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Q: I have a polynomial
and a list of three other polynomials
p is a linear combination of the polynomials from the list,
but PolynomialReduce does not seem to notice.
The documentation says that the last element in PolynomialReduce is "minimal," but it does not elaborate. Wouldn't it be reasonable to check for linear dependence?
A: Daniel Lichtblau ( answers: PolynomialReduce[[Graphics:../Images/index_gr_90.gif],{[Graphics:../Images/index_gr_91.gif],[Graphics:../Images/index_gr_92.gif],[Graphics:../Images/index_gr_93.gif]},{[Graphics:../Images/index_gr_94.gif],[Graphics:../Images/index_gr_95.gif],[Graphics:../Images/index_gr_96.gif]}] performs what is called generalized division with respect to a given set of polynomials, [Graphics:../Images/index_gr_97.gif], and a given term ordering. This latter is lexicographic by default and moreover depends on the ordering of the variables. This in turn is determined by the order in which they are given in the optional "variables" argument, [Graphics:../Images/index_gr_98.gif], to PolynomialReduce or by the order in which they get put internally if they are not explicitly given as an argument. See also Section 3.3.4 of The Mathematica Book.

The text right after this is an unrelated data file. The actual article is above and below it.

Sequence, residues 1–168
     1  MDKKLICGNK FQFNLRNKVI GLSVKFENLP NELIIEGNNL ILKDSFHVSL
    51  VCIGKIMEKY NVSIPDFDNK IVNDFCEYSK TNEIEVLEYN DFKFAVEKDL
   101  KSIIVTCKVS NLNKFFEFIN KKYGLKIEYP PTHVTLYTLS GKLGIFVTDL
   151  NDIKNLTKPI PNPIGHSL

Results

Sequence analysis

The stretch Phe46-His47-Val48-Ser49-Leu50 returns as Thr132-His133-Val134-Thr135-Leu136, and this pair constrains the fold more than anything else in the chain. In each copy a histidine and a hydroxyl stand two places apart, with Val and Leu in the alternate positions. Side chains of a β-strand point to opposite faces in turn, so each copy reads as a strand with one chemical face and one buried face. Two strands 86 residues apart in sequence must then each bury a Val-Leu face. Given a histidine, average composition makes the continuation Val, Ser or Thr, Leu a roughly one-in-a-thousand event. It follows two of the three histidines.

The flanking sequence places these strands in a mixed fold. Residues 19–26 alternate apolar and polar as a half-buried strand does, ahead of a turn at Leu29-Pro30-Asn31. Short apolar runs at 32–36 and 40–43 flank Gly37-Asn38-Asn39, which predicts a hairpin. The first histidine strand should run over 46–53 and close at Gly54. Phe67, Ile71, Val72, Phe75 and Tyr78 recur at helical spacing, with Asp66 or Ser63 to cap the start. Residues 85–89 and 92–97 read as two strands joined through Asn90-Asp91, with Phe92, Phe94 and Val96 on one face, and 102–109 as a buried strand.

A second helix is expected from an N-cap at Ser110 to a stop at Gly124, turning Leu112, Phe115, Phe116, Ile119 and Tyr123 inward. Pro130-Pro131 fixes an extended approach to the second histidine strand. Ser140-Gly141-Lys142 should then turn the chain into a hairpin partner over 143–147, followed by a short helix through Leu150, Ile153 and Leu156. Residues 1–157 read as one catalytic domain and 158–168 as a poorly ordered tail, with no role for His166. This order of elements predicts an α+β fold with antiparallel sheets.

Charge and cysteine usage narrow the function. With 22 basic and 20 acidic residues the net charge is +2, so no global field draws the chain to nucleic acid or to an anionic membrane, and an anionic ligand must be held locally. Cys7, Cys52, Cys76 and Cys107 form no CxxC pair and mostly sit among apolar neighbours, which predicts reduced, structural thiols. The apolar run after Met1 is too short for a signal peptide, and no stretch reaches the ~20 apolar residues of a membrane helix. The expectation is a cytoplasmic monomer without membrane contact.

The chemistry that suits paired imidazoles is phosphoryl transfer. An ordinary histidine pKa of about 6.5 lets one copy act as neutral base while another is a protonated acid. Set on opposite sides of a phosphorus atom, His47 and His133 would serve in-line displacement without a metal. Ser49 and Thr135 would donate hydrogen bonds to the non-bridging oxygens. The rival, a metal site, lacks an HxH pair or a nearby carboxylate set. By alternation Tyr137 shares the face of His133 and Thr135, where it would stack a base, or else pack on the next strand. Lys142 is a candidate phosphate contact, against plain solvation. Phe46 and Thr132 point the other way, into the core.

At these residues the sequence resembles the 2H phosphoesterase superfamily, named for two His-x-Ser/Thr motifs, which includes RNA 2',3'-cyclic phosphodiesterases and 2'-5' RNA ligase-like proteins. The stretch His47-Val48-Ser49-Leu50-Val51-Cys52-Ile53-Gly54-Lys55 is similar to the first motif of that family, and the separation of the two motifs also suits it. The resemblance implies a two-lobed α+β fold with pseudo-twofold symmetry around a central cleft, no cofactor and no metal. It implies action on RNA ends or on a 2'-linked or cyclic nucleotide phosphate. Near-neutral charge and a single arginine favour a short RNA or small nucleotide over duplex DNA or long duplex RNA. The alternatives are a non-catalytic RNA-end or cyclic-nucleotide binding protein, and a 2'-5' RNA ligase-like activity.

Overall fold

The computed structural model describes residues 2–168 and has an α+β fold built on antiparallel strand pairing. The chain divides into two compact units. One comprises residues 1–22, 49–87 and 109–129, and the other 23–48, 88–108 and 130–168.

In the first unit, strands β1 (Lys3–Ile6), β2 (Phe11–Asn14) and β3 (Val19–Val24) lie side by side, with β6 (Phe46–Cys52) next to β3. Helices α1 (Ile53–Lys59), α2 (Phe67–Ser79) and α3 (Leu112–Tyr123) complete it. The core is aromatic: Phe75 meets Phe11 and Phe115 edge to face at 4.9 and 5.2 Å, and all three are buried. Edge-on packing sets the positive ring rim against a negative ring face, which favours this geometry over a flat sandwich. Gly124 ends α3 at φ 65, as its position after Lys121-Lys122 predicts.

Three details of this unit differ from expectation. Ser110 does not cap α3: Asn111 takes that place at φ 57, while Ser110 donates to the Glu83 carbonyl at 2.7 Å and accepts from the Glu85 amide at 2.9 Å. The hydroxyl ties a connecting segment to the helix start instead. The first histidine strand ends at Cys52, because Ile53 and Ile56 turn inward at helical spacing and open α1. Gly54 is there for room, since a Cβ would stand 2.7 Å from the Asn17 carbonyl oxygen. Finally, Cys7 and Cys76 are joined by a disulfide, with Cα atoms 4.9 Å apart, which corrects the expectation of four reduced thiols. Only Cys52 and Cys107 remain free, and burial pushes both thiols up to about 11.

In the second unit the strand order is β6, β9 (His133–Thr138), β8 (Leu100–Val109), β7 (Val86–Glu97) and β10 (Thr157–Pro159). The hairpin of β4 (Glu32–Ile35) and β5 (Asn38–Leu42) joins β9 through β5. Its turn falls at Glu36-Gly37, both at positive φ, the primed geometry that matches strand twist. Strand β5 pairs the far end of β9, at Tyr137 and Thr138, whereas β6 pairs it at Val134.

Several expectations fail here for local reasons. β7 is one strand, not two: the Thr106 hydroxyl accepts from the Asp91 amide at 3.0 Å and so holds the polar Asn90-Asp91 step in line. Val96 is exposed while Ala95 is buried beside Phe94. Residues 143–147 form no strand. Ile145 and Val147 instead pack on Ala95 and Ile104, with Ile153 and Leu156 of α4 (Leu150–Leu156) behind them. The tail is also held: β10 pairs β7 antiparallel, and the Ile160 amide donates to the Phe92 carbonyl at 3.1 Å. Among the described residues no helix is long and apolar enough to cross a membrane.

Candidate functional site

If we reduce with respect to a Groebner basis, then we are guaranteed to get a reduction to zero if [Graphics:../Images/index_gr_99.gif] is in the ideal generated by [Graphics:../Images/index_gr_100.gif] (as it is in this case). This is a bit subtle, though. A set may be a Groebner basis with respect to one ordering but not another; the ordering that matters is the one by which we reduce, not the one by which the basis was created (if they are different orderings).
We will use the variable order
to create a Groebner basis
Now we reduce with respect to this basis, but the reduction term order may be different because we do not specify a variable order.
We did not get zero. This time we reduce with respect to the same order we used to create the Groebner basis.

Converted by Mathematica      September 29, 1999

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